Quimbee Trademark CLE Online
If you’re looking for a simple,
engaging way to learn about trademark law and fulfill your continuing
legal education (CLE) requirements, look no further than Quimbee CLE
All Quimbee CLE online courses are built from the ground
up by our world-class team of attorneys and designers. Our goal is to
create a product that will not only help you meet your CLE requirements,
but will actually be enjoyable to watch. Sign up for a Quimbee CLE
An Overview of Trademark Law
A trademark is a
word, phrase, or symbol that is used by a merchant to identify its
goods. Congress initially attempted to create a federal trademark system
in 1870, but that statute was struck down by the Supreme Court in the Trade-Mark Cases. Today, trademark law in the United States is primarily governed by the Lanham Act, which took effect in 1946.
Under the Lanham Act, the United States Patent and Trademark Office
(USPTO) is the agency tasked with overseeing trademark registration.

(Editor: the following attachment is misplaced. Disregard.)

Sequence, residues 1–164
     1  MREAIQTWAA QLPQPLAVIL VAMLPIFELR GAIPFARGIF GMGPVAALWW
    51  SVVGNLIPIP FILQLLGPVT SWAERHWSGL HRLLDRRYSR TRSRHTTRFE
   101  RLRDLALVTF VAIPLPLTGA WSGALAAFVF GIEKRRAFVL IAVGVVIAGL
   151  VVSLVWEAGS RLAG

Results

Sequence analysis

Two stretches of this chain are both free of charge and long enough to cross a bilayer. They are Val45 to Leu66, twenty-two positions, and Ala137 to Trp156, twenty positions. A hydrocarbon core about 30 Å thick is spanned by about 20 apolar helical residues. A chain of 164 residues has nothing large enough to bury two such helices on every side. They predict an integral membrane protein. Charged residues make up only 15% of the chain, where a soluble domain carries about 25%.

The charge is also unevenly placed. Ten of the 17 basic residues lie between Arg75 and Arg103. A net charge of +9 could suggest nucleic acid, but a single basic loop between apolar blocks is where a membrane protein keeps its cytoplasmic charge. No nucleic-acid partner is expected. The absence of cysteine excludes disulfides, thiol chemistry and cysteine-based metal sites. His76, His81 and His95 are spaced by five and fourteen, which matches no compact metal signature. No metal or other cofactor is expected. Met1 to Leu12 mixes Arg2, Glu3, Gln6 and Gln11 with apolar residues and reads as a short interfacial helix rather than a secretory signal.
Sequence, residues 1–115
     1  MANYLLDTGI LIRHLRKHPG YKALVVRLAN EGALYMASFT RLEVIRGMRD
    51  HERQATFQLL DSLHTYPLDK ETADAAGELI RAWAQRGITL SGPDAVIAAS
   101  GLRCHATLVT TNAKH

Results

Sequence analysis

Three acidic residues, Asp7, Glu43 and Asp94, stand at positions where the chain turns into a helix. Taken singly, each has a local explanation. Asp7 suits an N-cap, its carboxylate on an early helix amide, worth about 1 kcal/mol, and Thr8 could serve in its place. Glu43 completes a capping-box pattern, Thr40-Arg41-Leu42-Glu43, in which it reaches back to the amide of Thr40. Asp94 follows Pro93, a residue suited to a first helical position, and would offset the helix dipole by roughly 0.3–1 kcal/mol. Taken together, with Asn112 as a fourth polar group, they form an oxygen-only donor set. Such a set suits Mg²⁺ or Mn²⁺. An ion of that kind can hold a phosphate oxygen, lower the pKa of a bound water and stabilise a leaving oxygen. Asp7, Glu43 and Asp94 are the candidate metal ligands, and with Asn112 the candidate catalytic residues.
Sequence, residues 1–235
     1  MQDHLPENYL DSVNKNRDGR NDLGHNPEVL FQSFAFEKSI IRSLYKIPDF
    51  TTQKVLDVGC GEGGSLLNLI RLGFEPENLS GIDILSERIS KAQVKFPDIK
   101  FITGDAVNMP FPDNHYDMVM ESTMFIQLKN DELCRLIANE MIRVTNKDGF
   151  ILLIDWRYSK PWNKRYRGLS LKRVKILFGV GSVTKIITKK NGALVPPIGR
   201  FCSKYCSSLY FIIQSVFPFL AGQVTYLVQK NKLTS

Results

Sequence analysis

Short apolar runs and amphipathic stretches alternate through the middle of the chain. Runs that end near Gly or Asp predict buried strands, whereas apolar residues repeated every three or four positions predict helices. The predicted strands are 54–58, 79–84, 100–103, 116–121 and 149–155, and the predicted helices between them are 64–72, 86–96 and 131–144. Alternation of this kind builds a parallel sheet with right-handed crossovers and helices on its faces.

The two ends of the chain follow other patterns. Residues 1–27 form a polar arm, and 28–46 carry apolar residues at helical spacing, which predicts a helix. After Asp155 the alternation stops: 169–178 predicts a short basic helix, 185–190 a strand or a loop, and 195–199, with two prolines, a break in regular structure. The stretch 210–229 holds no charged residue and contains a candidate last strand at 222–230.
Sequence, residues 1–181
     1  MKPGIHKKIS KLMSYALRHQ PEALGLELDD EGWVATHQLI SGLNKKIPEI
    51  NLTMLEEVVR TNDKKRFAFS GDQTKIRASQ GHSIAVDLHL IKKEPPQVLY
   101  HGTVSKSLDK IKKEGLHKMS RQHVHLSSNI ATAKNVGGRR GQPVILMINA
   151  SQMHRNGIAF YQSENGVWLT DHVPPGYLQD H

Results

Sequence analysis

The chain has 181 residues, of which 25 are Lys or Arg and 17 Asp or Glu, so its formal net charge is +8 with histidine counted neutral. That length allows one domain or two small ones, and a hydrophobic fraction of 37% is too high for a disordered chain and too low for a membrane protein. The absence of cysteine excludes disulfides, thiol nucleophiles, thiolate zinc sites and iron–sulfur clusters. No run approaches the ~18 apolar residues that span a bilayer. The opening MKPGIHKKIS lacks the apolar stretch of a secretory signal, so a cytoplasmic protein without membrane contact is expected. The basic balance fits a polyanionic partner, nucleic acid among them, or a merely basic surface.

Merchants are not required to register their trademarks in order to
receive federal trademark protection, but registered marks receive
significant advantages over unregistered marks. For example, under 15 U.S.C. § 1065,
after five years of continuous use, a registered mark may achieve
incontestable status. Incontestable status eliminates a number of
defenses to claims of trademark infringement, greatly increasing the
rights of the trademark owner.
For a mark to be eligible for
trademark protection, the mark generally must meet two requirements:
the mark must be in use in commerce, and it must be distinctive.
Typically, trademarks are divided into four categories of distinctiveness: arbitrary, suggestive, descriptive, and generic.
Who Should Take CLE Courses in Trademark Law?
trademarks comprise one of the fundamental components of intellectual
property law (along with copyrights and patents), a CLE course in
trademark law is a great option for IP lawyers. Additionally, because
the protection of trademarks is crucial to businesses of all sizes, many
commercial lawyers can benefit from at least a cursory understanding of
trademark law. Trademark law often involves engaging issues that make
great fodder for late-night debate (see Qualitex Co. v. Jacobson Products Co.,
where the Supreme Court had to decide whether a color could be
trademarked). Thus, nearly every lawyer could find a CLE course in
trademark law fascinating.